Logo IMG
HOME > My Amsci > Restricted Access

Taking Measure of Biofuel Limits

Restricted Access The content you've requested is available without charge only to active Sigma Xi members and American Scientist subscribers.

If you are an active member or an individual subscriber, please log in now in order to access this article.

If you are not a member or individual subscriber, you can:


Figure 1. Sugarcane trucks outside an ethanol and sugar millClick to Enlarge ImageBefore nations pin big hopes on biofuels, they must face stark realities, warns crop physiologist Thomas R. Sinclair. No matter what techniques are developed to expand biofuel feedstock, some basic physical and physiological limitations will apply. Plants cannot be grown without three crucial resource inputs: light, water and nitrogen. Each of those inputs will be needed in substantial quantities, yet their availability in the field is limited. As important, so far plants make use of those resources only at established rates. In fact, the close relationship between the available amounts of these resources and the amount of plant mass they can produce—not human demand—will determine how much biofuel the world can produce.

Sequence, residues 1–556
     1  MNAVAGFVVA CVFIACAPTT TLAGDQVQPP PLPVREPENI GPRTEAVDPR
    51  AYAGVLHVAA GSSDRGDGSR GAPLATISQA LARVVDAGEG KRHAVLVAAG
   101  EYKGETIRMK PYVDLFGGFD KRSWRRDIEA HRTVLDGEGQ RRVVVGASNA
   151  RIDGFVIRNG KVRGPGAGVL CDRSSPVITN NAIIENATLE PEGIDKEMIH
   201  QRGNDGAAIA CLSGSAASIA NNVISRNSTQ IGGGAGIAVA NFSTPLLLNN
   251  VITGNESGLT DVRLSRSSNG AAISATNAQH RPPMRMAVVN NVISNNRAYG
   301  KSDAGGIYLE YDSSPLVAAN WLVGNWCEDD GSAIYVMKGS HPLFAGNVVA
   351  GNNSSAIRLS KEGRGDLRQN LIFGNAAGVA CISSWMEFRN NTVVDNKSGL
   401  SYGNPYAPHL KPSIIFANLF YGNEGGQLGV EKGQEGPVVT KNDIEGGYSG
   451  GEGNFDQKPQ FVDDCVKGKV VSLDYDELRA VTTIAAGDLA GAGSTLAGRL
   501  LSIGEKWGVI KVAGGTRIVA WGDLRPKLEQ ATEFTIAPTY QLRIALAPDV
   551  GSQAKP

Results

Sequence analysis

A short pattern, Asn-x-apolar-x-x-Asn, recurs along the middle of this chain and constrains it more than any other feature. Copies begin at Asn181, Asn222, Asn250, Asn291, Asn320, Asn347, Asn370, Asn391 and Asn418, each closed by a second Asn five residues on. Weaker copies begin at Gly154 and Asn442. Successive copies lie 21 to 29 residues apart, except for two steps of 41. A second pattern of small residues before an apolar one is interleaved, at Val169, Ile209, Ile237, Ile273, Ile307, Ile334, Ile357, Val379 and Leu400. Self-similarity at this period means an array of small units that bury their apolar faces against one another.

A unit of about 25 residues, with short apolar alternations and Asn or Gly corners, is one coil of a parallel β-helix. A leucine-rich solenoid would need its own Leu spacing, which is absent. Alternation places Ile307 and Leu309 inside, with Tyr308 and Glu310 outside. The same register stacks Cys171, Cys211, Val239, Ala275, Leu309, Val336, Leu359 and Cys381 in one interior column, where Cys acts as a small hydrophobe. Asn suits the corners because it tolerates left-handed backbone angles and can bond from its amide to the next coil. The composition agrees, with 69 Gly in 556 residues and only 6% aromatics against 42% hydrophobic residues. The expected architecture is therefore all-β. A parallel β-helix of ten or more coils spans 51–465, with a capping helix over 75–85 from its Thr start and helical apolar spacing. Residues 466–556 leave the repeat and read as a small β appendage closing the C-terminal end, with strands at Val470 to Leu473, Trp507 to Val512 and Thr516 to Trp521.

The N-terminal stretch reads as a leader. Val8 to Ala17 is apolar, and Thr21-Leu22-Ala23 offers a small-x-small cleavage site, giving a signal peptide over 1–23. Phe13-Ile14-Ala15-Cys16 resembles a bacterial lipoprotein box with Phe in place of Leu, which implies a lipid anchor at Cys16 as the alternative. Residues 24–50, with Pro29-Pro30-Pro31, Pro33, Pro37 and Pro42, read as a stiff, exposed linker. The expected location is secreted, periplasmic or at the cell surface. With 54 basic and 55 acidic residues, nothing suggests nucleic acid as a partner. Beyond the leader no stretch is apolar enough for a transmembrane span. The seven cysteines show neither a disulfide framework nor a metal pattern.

Subscribe to American Scientist